Over-indulging in Belgium is a genuine travel health issue; the tendency to overdo it can leave travelers feeling sick, and too much alcohol is a leading factor in injuries for backpackers. Even if you don't drink, others around you will, and it can get ugly.
Belgians take their beer very seriously, and the country is home to one of the greatest beer traditions in the world. In 2016, UNESCO added Belgian beer culture to the 'intangible cultural heritage of humanity' list. Beer in Belgium is as important as wine in France. Some beer brewing is governed by strict laws like those that control champagne production in France.
It's practically a religious experience. In medieval times, most beer brewing was done in monasteries, and each monastery developed a particular style, resulting in a variety of methods for brewing beer and a long list of different ingredients.
As the monasteries closed over the years, their beer brewing businesses were handed over to local commercial brewers, and many of these beers survive to this day. They are called Abbey Beers, and there are literally hundreds with a range of different tastes to choose from.
Beer drinking is entrenched in the Belgian culture – they've had hundreds of years to practice it, so don't try to keep up with the locals on your travels.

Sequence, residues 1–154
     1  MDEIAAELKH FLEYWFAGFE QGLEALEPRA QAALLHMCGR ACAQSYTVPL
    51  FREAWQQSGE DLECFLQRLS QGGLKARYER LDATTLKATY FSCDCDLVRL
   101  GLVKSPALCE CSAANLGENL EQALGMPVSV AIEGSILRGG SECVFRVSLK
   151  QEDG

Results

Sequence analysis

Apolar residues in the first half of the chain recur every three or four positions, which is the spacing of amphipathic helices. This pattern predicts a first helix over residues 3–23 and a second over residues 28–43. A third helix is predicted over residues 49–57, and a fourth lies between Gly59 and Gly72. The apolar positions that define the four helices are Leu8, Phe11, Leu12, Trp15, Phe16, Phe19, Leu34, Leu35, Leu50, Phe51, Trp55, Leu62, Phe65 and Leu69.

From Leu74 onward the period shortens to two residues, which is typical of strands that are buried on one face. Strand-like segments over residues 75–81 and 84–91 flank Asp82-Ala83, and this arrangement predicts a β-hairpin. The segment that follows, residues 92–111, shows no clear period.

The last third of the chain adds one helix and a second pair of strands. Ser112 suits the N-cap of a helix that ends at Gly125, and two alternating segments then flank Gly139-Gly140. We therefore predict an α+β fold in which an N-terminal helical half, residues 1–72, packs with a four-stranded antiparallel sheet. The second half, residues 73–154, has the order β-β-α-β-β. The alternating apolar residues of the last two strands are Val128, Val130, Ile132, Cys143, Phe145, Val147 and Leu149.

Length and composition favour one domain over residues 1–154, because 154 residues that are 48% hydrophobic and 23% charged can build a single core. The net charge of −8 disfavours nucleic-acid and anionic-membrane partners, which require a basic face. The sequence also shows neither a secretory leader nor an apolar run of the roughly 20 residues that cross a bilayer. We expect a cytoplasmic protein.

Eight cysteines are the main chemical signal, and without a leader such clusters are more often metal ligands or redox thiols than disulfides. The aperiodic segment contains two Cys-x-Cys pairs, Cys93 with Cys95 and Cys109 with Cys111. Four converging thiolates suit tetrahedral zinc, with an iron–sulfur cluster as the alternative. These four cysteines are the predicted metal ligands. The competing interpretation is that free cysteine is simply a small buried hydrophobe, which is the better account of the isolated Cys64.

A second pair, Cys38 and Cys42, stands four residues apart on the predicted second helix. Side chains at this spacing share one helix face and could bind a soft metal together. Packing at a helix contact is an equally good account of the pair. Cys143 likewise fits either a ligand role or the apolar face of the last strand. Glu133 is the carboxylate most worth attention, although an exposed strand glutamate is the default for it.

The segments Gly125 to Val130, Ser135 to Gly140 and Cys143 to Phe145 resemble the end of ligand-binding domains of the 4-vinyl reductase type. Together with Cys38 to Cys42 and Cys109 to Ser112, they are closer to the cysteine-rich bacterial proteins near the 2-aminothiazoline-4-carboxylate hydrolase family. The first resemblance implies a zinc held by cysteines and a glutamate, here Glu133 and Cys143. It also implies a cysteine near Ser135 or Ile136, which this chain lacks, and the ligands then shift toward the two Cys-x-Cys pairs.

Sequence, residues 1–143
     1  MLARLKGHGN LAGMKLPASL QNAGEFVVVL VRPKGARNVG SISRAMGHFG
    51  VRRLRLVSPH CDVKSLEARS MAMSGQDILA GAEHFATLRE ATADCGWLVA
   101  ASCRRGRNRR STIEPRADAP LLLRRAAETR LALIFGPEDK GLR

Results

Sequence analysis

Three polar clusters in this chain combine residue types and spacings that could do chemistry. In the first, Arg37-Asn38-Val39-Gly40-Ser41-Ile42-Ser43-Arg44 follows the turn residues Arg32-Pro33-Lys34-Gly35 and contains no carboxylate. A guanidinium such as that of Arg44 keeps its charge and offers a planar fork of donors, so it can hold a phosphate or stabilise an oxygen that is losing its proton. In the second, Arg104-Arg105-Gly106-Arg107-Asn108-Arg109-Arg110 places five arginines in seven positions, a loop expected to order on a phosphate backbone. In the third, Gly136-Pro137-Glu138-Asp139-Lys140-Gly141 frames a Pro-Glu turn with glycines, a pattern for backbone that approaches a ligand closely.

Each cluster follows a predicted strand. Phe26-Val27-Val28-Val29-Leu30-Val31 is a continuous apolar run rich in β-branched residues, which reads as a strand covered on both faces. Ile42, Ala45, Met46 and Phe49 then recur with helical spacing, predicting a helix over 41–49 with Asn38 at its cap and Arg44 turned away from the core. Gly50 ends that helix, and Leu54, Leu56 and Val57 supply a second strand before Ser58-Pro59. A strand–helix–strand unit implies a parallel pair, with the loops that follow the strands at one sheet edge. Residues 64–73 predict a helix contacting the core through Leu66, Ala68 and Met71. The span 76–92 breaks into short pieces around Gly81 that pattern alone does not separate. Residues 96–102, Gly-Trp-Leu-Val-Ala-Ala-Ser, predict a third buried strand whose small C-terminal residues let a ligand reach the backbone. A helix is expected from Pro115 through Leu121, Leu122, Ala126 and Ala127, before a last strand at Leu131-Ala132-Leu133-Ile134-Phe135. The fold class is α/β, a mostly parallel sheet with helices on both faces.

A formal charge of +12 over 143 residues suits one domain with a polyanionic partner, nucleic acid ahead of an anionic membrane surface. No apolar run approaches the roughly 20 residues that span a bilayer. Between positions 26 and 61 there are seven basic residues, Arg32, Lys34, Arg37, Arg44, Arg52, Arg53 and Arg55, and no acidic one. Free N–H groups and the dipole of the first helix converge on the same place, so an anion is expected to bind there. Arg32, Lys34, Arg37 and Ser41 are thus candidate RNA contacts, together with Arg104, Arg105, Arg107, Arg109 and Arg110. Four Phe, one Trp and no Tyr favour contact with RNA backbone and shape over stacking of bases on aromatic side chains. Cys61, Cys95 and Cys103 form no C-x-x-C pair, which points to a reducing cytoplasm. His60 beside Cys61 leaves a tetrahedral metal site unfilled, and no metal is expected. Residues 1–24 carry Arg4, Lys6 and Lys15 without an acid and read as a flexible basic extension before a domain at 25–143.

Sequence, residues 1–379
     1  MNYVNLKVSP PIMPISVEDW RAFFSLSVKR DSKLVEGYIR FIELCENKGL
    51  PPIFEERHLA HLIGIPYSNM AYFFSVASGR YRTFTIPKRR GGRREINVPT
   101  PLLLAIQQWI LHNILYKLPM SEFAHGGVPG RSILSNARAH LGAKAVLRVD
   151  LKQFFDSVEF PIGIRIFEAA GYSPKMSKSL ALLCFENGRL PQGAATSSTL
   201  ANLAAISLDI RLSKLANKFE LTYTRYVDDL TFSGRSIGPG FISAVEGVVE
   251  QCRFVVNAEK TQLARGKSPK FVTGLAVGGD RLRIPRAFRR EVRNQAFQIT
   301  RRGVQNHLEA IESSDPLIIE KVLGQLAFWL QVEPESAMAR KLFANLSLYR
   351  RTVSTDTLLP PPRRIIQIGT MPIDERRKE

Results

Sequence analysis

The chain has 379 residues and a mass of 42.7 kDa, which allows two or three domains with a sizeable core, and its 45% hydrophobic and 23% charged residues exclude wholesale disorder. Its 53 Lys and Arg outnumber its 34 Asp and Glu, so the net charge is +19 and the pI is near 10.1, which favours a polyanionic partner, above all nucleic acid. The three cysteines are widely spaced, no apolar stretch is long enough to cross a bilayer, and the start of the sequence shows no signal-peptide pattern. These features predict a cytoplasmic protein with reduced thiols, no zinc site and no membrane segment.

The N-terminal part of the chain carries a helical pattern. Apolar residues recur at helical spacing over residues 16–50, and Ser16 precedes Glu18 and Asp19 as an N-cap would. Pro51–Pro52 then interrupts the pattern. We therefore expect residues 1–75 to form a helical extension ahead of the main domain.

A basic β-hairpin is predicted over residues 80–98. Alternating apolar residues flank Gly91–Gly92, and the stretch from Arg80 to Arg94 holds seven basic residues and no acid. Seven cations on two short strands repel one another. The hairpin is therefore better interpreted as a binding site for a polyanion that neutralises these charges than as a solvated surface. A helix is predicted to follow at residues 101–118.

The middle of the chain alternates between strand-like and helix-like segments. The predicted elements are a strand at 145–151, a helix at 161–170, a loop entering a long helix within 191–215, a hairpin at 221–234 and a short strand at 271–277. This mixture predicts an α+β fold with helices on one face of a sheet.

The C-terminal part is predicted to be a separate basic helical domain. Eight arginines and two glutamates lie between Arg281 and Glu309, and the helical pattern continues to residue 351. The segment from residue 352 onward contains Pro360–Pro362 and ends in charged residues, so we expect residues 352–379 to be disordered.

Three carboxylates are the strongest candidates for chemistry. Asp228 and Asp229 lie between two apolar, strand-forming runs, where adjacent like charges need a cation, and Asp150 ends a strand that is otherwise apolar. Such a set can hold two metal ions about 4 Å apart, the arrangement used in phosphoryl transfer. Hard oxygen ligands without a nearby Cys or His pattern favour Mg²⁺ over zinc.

Police are cracking down on drink driving in Belgium, introducing extra checks along motorways to catch drivers who are over the legal alcohol limit of 0.05%. In 2017, more than one in 10 of all accidents that caused death or injury involved drivers who were over the legal BAC limit.
Just as you'll have no trouble locating a beer in Belgium, you won't struggle to find something tasty to go with it.
Hot chips are one of Belgium's specialties, and each village has its own friterie (a traditional kiosk serving fast food) that serves chips along with other deep fried goodies. Visit any major tourist attraction in Belgium, like the bell tower in Bruges, and you'll find a cart nearby selling hot chips.
The hardest part is choosing which sauce to dollop on top – mayonnaise is the traditional choice, but there are plenty of others to choose from.
After Belgium, your next trip will probably be one to the dentist thanks to two of its other national delicacies - waffles and chocolate.
The Belgian waffle, often served with either whipped cream and strawberries or melted chocolate, has become a favorite dessert and is widely available in cafes around the country.
The good news is that it's possible to leave Belgium without too much excess baggage (and we're not talking about your suitcase).
Towns like Bruges are mostly flat and very pedestrian (and bike) friendly, so walking or cycling is a great way to burn off those extra carbs you ate after dinner. Or, perhaps go for items like chocolate-covered strawberries to slightly increase the nutritional value of your favorite treats.
Don't get tongue-tied – find out where to speak Dutch, French and German before you go.
Meet the American comic book editor who circumnavigated the world twice, first by surface transport, taking cargo ships across oceans, before switching direction and doing it again by plane.